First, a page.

Thinking about proposing on Valentine’s day? Buying a house with your partner? Moving in together?
When making exciting decisions it’s easy to forget about legal matters, but discussing things up front gets them out of the way, so you have more time to celebrate!
Buying a house
Many people are unaware of the different ways you can own a house with another person. Most of the time couples select to own a house as joint tenants. This means that they both own equal shares and if the one person dies then their half automatically becomes the other’s.
But, what if one partner has a lot more money to put into the deposit than the other? What if one partner’s parents have contributed to the deposit and want that money to be ring-fenced? What if one person will be contributing more to the mortgage than the other? What if one partner wants to specifically leave their share to someone else if they die?
There are many reasons why people buying a house may want to carve out specific shares of ownership, and it’s very simple to do. You need to select tenants in common rather than joint tenants on your transfer deed (TR1) and also create a declaration of trust, which has to be registered at the land registry. The proportions that you set out in the trust deed are the proportions that will be used to distribute the sale proceeds when the property is sold.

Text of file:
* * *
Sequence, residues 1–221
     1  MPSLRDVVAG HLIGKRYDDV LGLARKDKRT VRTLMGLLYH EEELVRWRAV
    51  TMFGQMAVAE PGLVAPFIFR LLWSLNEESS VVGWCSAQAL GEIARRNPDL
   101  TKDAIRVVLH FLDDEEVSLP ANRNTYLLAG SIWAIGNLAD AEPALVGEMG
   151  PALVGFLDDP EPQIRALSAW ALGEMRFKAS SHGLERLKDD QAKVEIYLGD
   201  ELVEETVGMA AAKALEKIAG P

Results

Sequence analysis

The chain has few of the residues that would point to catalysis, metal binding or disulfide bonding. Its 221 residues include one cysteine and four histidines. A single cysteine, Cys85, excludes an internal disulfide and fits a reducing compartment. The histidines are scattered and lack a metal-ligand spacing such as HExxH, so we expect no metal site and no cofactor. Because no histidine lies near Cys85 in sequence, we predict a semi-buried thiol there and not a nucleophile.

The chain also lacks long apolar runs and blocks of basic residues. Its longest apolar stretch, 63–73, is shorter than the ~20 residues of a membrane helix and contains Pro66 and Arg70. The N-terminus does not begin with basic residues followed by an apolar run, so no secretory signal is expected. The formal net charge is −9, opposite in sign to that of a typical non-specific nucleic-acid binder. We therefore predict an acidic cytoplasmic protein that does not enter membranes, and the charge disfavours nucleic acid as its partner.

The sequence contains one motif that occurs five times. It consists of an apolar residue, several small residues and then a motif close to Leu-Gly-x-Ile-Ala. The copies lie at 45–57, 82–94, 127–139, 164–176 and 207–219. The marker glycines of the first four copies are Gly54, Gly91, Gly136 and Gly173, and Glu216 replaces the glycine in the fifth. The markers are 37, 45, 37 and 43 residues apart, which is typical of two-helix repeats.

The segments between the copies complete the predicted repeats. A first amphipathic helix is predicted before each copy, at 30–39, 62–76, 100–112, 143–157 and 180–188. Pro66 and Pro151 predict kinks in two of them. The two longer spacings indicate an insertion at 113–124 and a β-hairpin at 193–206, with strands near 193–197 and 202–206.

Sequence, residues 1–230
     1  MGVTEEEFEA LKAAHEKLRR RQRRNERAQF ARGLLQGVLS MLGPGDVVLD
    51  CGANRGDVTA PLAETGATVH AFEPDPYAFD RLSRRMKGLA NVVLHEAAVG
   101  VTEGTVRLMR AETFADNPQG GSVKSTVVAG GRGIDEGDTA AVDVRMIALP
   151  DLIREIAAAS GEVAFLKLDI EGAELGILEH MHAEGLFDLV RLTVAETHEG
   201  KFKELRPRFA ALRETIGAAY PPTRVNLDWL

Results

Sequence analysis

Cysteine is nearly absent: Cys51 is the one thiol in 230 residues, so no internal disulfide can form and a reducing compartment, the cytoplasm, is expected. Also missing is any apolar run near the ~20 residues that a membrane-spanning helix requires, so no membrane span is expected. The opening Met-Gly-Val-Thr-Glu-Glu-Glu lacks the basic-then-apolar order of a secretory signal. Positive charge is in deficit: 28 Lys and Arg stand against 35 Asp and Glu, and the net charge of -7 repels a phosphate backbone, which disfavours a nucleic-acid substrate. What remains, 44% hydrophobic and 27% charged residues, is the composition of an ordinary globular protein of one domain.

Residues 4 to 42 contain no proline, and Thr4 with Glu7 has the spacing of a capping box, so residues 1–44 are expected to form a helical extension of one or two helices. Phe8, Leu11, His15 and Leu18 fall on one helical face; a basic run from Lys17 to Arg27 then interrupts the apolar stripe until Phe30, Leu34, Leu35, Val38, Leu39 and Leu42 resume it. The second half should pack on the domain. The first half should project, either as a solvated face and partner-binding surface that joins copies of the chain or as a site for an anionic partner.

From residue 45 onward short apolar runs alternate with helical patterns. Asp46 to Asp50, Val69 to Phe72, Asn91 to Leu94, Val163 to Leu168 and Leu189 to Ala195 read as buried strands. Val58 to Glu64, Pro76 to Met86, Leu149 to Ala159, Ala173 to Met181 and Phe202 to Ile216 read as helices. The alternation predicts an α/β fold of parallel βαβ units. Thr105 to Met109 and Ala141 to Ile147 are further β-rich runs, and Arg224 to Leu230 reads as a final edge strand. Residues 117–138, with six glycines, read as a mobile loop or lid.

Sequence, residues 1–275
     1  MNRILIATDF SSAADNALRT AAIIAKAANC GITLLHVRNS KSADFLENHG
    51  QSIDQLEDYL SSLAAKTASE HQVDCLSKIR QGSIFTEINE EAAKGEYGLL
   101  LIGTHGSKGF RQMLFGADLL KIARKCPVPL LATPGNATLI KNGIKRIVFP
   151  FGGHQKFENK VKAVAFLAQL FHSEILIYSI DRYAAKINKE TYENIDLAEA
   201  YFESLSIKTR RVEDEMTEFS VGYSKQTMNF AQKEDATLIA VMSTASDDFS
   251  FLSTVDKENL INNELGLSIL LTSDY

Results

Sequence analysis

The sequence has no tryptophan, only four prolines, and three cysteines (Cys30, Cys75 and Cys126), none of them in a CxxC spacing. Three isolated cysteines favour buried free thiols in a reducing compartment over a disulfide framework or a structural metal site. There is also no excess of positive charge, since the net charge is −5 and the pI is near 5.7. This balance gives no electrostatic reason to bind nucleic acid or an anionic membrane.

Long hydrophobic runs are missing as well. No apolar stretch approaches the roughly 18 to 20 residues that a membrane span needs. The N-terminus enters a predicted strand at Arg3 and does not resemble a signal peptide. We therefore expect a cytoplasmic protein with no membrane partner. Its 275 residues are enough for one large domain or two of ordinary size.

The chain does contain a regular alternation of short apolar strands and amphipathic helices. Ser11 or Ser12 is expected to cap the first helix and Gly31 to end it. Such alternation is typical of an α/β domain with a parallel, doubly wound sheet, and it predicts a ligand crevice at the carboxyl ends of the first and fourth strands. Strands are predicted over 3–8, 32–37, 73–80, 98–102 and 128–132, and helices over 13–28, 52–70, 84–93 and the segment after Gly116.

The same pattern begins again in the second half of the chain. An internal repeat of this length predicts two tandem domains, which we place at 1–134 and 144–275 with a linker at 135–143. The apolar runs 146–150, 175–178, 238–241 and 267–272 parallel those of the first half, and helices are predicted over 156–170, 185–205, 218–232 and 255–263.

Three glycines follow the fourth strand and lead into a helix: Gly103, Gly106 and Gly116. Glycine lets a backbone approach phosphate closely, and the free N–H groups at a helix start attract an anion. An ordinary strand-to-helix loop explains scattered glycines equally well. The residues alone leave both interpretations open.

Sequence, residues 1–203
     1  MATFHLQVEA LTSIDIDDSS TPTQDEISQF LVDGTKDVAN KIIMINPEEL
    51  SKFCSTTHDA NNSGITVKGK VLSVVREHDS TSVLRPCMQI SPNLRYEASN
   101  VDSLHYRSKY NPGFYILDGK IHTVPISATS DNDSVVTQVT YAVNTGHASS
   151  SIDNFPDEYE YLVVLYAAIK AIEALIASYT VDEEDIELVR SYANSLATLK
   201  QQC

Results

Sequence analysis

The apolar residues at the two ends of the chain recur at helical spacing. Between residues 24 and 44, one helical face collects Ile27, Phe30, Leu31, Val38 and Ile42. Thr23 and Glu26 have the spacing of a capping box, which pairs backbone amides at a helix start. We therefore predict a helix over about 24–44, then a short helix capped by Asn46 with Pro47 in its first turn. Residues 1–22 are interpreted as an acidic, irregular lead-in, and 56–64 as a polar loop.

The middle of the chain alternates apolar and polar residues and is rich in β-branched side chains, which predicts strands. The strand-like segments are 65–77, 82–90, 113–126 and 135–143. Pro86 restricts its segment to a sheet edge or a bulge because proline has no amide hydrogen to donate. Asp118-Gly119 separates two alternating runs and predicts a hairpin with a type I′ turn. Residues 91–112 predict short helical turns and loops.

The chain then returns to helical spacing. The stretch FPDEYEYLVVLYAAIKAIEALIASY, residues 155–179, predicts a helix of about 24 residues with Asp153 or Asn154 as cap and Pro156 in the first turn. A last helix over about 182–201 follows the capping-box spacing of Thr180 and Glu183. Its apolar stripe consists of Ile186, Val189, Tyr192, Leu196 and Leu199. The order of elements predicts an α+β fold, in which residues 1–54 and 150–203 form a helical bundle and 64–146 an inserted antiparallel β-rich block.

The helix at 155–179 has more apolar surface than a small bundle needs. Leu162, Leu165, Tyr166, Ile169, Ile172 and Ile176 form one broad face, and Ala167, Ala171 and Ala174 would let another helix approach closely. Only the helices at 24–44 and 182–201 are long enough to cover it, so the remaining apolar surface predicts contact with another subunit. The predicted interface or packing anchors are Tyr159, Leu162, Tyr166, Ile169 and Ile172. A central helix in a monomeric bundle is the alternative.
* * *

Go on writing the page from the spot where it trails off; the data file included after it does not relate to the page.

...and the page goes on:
If you’ve already made a will, getting married automatically revokes it, so you will need to have a new one made. If you haven’t, and don’t, then if something were to happen, intestacy rules would apply. These dictate how your estate will be distributed to your family, which may not be how you would like to distribute your estate. Creating a will in contemplation of marriage means that your wishes will be followed in case something happens.
Moving in together
Cohabitating couples could consider making a cohabitation agreement. This sets out the financial arrangements between you and your partner and protects any assets acquired before moving in together, much like a prenup. A cohabitation agreement states that your income and assets are separate and your debt is also separate.
Make all these documents with Rocket Lawyer for free and start your life together legally safe!
Latest posts by Camilla Johnson (see all)
- We’re hiring! Mobile Developer, DevOps & Software FE Engineer - 19/01/2018
- We’re hiring! Senior Product Designer at Rocket Lawyer UK - 19/01/2018
- What is a common law marriage? - 28/11/2017